The LEGO Movie 2: The Second Part
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Well-written and powerfully acted, Fireworks Wednesday gives audiences an early, assured glimpse of writer-director Asghar Farhadi's emerging talent.
All Critics (43)
| Top Critics (17)
| Fresh (43)
| Rotten (0)
Farhadi manages to skirt the political and focus on human emotion, deception and frailty with such force that his setting and artistic restraints are rendered near irrelevant.
Tehran on the eve of the Muslim New Year provides the backdrop for this engrossing Iranian drama about a marriage in crisis.
[A] complex and magnificently acted melodrama ...
Mournful, enigmatic and compulsively engrossing, "Fireworks Wednesday" gives viewers a chance to watch a master at work - before he was acknowledged as a master.
Any time you get to see a radiant bride-to-be (Taraneh Alidoosti) try on her dress and admire her reflection at the outset, you know that bliss is in the crosshairs.
It succeeds, as very few films do, with simultaneously presenting several distinct viewpoints without shortchanging any of them.
Fireworks Wednesday,.. stands out from Farhadi's work in this sense, using the occasional jump cut and shift in perspective to create a distrustful sense of time and space.
"Fireworks Wednesday" brings an organic, sympathetic, and humanistic take on themes that have long been explored.
Though surrounded by actors of talent, especially the women, [Taraneh ] Alidousti carries the film by way of her expressive, all-seeing eyes.
Here's a film directed by a relative newcomer, Asghar Farhadi, that feels just as fresh as films by his predecessors, yet it also turns slightly inward, getting a little closer to the more turbulent human emotions.
This is a very well acted film by the three main actors. The central part of the story (by writer-director Asghar Farhadi of 'A Separation') is powerful.
It would be easy to write Fireworks Wednesday off as a melodrama, but Farhadi builds it so methodically and so intentionally, that you get a sense for every character, and every revelation hits harder than the last.
After being blown away by A Separation, I decided to delve into director Asghar Farhadi's oeurve. Fireworks Wednesday, centers around familiar terrain: a broken marriage, as see through the eyes of a young housekeeper, and by extension, the audience. Farhadi's directorial style is subtly powerful: he takes his time, and allows the information to creep in at its own pace, instead of feeling a more Westernized need to shoehorn it all into the first 10 minutes. He also seamlessly shifts our point of view over and over again, confronting the audience to think twice about any preconceived notions we might have about his characters -- our assumptions, and their reliability. He's not afraid to allow a scene to develop, and he fearlessly trusts his actors. He'll direct in a more "invisible" style, but he astutely knows when to mix it up and reposition the camera, or change vantage points to inform the audience about a character's motivations. In this film, the martial strife hits a fever pitch and culminates in a show stopping long shot down an elevator, and into the street that has to be seen to be believed. I honestly don't think it could have been shot any better, and the mis-en-scene is pitch perfect.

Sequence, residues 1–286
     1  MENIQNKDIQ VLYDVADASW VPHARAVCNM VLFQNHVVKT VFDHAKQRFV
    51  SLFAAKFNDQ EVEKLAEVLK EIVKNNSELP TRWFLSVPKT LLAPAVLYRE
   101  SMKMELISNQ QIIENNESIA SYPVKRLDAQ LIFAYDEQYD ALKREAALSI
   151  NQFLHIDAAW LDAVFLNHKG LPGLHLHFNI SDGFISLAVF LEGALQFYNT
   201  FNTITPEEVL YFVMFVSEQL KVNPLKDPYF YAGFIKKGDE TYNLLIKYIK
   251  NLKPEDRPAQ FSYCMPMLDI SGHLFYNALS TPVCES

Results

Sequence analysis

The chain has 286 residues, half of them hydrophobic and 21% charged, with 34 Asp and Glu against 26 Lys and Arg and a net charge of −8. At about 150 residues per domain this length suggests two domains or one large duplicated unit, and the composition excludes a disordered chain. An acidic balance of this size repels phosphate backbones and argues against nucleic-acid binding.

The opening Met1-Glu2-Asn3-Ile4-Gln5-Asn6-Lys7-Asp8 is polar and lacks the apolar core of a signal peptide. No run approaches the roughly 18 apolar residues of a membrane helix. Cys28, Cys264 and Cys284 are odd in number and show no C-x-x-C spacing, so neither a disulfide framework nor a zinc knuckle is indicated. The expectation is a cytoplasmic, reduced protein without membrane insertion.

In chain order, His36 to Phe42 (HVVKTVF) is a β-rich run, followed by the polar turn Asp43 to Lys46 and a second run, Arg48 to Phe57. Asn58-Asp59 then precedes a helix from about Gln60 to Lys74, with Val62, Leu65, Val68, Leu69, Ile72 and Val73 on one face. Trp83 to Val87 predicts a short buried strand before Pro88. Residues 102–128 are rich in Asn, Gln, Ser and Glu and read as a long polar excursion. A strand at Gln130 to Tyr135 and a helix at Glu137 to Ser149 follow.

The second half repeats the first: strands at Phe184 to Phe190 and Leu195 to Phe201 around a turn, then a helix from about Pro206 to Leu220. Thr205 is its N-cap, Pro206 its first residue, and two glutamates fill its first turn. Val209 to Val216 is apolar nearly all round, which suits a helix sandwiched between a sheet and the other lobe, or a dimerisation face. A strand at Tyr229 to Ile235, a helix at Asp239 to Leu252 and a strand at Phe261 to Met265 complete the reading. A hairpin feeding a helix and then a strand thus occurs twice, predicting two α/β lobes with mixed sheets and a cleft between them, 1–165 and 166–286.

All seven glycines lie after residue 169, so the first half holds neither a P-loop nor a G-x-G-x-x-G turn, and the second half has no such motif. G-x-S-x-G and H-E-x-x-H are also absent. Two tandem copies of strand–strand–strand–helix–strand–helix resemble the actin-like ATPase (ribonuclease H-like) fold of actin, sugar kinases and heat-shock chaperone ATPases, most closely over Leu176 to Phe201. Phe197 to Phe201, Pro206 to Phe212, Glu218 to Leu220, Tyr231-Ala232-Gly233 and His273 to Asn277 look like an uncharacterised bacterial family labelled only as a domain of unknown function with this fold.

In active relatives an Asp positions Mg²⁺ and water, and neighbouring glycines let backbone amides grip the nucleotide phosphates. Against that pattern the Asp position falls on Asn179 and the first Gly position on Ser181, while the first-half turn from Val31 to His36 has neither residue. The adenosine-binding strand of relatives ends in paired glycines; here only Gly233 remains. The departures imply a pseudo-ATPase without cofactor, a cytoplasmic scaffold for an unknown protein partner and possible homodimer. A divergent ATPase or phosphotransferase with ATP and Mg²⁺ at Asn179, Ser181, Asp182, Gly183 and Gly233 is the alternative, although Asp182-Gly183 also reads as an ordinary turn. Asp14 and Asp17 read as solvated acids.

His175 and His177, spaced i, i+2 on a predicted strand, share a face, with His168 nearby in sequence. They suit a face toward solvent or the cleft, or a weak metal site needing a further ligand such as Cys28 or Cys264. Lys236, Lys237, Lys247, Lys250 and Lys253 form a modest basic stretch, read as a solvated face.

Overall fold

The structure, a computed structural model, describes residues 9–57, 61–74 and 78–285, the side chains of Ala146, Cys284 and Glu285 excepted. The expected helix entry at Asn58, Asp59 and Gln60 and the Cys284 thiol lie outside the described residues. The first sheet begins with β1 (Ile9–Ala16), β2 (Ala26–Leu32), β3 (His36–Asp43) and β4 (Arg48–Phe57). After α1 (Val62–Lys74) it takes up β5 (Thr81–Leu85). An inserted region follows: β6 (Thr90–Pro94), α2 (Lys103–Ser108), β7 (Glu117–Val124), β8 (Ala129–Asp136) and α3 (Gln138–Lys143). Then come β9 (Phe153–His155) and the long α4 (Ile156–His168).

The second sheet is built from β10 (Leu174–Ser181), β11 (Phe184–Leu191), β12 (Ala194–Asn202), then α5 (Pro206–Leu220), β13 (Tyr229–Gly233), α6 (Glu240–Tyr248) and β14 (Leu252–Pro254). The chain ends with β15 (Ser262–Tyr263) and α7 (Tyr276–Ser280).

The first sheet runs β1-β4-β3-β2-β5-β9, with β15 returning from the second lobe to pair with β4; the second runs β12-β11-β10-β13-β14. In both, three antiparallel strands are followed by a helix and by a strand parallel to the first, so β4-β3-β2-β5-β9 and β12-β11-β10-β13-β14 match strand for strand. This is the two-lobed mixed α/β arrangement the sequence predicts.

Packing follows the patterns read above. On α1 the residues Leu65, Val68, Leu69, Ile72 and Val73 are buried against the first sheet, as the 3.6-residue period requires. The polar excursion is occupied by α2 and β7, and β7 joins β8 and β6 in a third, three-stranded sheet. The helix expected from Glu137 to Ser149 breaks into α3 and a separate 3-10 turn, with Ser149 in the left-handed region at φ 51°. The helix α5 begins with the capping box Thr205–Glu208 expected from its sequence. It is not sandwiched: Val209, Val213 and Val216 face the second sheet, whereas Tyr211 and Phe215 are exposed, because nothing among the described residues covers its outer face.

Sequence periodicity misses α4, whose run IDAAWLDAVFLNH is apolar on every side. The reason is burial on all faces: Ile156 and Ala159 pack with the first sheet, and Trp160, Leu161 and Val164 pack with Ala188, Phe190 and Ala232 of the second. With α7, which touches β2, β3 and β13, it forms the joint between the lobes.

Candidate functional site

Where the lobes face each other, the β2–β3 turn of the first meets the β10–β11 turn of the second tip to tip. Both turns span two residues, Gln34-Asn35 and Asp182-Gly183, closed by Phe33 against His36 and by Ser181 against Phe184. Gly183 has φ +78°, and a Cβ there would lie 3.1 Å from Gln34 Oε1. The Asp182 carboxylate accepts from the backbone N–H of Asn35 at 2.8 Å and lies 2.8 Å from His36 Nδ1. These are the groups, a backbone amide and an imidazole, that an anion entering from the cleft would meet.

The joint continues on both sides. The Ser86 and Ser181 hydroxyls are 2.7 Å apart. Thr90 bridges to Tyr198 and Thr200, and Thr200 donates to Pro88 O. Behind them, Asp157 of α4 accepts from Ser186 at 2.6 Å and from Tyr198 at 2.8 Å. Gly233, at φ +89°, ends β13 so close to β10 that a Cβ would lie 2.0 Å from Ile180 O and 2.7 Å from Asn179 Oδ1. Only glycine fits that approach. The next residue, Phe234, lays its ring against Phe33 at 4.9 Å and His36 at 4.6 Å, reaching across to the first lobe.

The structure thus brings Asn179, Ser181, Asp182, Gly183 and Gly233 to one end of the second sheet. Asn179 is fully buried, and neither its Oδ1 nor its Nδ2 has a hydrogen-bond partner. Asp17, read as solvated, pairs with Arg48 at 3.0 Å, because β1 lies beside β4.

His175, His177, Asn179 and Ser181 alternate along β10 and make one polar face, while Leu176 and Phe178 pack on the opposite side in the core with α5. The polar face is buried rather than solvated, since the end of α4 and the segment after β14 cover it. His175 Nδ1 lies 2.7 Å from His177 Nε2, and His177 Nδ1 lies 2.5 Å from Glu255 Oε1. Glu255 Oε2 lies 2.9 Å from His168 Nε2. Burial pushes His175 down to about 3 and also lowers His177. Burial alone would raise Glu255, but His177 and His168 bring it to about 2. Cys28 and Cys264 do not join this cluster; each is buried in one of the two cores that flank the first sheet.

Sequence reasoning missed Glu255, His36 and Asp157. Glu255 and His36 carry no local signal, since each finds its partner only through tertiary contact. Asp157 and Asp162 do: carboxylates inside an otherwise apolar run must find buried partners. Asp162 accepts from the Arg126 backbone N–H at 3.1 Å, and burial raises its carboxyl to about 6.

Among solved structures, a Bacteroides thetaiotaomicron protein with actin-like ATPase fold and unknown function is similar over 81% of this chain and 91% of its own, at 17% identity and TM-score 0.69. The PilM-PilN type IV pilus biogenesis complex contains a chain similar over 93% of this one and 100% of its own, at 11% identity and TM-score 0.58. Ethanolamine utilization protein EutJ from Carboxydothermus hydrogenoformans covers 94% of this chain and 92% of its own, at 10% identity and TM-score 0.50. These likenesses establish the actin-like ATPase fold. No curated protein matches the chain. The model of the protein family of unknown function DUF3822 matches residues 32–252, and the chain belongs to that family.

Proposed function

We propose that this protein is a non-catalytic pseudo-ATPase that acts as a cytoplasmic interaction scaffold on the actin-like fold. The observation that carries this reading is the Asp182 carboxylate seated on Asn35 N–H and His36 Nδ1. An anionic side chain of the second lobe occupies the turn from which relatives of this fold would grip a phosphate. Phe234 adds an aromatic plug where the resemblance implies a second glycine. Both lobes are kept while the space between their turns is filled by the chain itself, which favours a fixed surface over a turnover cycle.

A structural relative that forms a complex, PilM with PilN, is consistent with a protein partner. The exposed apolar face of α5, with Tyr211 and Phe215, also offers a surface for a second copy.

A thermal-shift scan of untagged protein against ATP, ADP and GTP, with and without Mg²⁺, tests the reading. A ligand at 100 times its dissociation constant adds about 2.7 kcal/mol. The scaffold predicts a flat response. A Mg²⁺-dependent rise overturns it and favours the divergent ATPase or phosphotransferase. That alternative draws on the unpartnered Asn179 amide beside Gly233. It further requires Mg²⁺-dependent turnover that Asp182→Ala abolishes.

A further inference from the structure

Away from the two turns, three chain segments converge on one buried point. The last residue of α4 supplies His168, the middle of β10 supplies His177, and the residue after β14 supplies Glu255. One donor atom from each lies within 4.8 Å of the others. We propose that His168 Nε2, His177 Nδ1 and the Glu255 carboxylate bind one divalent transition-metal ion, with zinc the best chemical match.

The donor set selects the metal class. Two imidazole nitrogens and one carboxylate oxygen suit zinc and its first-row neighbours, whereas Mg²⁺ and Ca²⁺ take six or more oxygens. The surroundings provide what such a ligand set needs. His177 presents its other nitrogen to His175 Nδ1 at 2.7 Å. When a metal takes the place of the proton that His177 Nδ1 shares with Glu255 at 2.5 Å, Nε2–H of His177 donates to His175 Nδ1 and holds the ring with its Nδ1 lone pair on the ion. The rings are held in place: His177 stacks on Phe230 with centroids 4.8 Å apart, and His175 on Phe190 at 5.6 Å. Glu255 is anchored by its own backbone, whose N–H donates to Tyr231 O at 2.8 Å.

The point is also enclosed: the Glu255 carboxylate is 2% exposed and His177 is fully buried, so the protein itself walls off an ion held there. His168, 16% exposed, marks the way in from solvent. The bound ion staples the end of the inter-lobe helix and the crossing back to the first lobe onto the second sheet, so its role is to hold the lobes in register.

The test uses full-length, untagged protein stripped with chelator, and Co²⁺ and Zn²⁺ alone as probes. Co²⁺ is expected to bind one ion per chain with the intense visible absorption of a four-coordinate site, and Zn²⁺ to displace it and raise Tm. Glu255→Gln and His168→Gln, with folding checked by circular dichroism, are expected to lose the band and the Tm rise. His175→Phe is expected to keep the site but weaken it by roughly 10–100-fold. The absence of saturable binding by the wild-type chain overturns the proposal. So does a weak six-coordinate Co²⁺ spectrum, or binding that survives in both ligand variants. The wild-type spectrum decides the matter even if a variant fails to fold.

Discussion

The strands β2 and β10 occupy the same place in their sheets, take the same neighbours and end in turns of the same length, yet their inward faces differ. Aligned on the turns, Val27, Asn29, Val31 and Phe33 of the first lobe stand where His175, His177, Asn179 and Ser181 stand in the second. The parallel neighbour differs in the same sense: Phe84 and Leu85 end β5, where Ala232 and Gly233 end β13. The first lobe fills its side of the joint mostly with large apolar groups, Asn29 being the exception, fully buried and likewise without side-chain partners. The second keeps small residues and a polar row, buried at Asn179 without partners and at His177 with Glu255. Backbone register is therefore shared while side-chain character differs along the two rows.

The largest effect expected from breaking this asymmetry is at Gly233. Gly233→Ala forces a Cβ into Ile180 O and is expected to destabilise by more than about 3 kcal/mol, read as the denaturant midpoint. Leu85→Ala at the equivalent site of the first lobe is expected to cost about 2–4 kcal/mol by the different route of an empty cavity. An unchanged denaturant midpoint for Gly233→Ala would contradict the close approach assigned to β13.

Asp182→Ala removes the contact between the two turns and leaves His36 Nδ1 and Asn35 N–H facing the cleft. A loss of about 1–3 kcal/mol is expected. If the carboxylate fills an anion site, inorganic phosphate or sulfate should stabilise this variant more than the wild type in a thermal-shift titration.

A theme that occupies Farhadi appears to be the corrosive underbelly of Persian culture, and its stifling traditional values. This story takes place on Chaharshanbe Suri (the Persian New Year) and all throughout the film, you hear fireworks in the distance. Near the end of the film, there's this great sequence where two characters are driving in the car, and through the windows you see a succession of fireworks, and fire in the streets. After dwelling on these details for a minute or two, the metaphorical meaning seeps in -- these relationships are just as combustible. It's a subtle detail, but very powerful -- and, for me, that's a great way to describe Farhadi's style: subtle, but powerful.
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